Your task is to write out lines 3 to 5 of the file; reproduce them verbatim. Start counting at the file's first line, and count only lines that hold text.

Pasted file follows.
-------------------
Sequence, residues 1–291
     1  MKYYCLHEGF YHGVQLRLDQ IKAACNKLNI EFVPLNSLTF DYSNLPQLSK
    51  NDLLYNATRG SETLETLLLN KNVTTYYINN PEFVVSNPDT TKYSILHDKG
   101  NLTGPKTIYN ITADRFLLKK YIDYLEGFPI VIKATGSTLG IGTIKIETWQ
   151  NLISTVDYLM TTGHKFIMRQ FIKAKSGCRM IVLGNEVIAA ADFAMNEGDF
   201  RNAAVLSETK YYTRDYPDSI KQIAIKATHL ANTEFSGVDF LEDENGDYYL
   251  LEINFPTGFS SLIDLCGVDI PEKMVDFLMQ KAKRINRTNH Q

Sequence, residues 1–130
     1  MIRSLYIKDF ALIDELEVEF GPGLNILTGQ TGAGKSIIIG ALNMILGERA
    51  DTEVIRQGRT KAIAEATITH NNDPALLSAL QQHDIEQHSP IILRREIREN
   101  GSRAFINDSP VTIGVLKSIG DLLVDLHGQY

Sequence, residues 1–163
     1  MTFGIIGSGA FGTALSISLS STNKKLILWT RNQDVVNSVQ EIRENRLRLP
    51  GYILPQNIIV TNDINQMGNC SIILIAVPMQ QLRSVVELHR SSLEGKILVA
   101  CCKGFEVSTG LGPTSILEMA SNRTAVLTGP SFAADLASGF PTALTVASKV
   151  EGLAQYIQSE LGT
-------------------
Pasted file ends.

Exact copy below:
    51  NDLLYNATRG SETLETLLLN KNVTTYYINN PEFVVSNPDT TKYSILHDKG
   101  NLTGPKTIYN ITADRFLLKK YIDYLEGFPI VIKATGSTLG IGTIKIETWQ
   151  NLISTVDYLM TTGHKFIMRQ FIKAKSGCRM IVLGNEVIAA ADFAMNEGDF